Bottom line is the manufacturer sells the machines for a wholesale price to all their dealers who turn around and sell to the end user at a retail price. They don't make a lot on the base machine but do make loads of money on the add ons. The price of a machine is negotiable only to the point that the dealer is making his minimum required profit. The fact that someone is not happy with what the dealer is quoting has more to do with personalities, negotiating skills and the amount of capital behind the buyer. In my experience running to another dealer usually only makes the potential purchaser look inexperienced at best and possibly stupid or malicious at worst.
     
  8. farm_boy

    farm_boy Senior Member

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    John C,

    A couple of comments:

    I agree 100%. This is the reason that manufacturers administer a service fee for selling into another dealer's territory. Legally no one can dictate where or where not to sell a new piece of machinery on the sales side. What can be done is a fee that is has to be paid by the selling dealer to the dealer who's territory the new machine was sold into. This does two things, it obviously discourages dealers from selling out of their territory, but it also helps the dealer that has responsibility for the machine's service in the territroy in which it was delivered. This leads to my second point...

    This may be the case with most manufacturers, but with John Deere the warranty travels with the machine, just like a new vehicle. Even so since most dealers don't get reimbursed for travel time or mileage this service fee helps the servicing dealer with these costs IF the machine would require service work under warranty.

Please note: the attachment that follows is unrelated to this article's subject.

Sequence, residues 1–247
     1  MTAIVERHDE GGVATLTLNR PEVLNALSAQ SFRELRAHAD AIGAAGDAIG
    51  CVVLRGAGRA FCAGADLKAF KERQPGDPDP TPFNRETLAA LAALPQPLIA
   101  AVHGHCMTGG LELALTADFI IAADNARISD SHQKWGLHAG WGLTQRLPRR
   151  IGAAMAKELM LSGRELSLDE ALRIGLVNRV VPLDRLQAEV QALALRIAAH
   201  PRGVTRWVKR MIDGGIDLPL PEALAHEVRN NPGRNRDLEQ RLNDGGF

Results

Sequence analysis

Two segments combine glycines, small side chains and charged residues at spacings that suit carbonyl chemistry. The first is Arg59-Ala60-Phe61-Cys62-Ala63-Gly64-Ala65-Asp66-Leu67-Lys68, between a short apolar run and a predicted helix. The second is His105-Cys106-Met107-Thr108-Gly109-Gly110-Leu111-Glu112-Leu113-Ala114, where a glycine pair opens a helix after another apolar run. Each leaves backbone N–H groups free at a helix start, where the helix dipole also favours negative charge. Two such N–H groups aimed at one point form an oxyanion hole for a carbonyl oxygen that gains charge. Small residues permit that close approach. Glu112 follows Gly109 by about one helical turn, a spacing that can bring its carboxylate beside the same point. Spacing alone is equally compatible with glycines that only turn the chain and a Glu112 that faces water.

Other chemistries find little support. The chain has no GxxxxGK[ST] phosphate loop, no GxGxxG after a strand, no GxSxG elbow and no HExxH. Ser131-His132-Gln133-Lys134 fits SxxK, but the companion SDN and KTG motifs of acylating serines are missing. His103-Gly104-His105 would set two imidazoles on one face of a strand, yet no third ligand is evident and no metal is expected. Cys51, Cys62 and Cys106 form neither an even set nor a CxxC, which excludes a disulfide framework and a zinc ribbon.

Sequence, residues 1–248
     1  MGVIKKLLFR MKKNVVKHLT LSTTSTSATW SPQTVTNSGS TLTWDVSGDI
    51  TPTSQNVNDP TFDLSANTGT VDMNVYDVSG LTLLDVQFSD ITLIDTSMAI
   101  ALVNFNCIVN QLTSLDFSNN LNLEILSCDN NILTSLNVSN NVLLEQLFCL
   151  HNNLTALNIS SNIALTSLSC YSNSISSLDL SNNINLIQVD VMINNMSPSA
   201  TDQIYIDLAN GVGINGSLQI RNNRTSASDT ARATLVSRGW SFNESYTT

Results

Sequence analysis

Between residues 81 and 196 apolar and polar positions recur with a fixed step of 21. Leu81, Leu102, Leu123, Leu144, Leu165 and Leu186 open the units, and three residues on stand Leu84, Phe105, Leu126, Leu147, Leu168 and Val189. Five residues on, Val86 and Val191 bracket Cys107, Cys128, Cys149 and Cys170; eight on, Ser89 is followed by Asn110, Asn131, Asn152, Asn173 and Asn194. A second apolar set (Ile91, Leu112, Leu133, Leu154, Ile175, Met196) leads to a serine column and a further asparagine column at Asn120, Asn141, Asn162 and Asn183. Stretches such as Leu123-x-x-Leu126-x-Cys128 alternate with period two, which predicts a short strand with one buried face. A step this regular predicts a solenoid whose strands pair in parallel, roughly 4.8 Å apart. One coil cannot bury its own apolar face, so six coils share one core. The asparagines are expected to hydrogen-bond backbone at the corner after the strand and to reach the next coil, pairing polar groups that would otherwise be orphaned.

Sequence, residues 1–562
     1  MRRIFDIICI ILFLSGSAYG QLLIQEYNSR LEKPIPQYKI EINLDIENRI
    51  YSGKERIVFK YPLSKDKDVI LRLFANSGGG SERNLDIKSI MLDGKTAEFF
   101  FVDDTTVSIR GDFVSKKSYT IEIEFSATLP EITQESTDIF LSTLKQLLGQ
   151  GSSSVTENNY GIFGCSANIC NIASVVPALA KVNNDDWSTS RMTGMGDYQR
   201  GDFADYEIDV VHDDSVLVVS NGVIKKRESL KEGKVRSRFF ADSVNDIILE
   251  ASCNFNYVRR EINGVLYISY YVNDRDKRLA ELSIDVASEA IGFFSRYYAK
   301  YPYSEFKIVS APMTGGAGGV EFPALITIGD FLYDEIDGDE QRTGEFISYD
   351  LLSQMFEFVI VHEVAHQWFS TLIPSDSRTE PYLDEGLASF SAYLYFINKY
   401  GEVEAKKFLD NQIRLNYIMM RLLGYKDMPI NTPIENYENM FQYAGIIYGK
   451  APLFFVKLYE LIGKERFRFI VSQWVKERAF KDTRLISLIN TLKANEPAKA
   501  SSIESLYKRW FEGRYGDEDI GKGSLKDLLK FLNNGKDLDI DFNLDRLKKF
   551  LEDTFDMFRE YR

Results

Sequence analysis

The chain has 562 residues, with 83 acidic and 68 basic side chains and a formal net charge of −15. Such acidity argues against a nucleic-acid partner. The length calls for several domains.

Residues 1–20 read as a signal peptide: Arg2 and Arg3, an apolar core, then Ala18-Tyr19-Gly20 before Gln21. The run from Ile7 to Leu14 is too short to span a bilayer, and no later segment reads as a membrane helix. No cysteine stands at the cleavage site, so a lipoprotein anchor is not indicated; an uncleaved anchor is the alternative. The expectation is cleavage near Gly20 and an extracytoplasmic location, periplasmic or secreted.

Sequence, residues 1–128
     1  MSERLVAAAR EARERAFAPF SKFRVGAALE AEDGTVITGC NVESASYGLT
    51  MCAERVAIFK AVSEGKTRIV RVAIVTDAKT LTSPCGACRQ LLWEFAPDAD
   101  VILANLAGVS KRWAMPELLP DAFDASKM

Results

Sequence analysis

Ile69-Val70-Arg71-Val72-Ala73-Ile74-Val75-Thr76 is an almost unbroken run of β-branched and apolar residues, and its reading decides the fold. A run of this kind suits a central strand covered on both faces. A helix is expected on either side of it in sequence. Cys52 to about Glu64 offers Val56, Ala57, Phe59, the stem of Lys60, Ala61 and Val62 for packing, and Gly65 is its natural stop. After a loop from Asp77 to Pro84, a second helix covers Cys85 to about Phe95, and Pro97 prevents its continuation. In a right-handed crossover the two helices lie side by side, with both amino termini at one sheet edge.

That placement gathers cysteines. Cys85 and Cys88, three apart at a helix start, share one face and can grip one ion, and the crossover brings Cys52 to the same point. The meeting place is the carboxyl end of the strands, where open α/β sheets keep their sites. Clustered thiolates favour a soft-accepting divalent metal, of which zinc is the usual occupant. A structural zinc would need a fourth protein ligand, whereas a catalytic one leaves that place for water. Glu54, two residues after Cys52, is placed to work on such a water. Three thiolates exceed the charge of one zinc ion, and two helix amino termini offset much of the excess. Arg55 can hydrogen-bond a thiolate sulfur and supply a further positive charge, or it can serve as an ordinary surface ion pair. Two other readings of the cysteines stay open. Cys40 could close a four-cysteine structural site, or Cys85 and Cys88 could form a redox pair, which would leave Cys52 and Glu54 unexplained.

9. Orchard Ex

    Orchard Ex Super Moderator

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    Assuming that each dealer gets to decide what his/her minimum acceptable profit is, your statement just proves that smaller contractors should be shopping different dealers to be sure that they are getting the best price possible. (Taking into account different dealers servicing abilities, customer service etc. as has been discussed in other threads) I don't have the negotiating power of the big companies and I don't have a crystal ball telling me what price a dealer should be willing to accept. I'd rather look inexperienced and stupid with a few extra dollars in the bank than be a fool and just accept the salesman's "best price" without checking around. "Trust but verify" comes to mind. I have no idea how checking prices could be malicious?

    If it's true that only the selling dealer is allowed to do warranty work on a machine then maybe there is a point to the system. But that sounds like a rotten way to do business as well. Who cares who sold the machine? If warranty work is needed it should be reimbursed by the manufacturer to the dealer performing the work. Hmmm, I guess that's just my inexperience and malicious stupidity showing through again.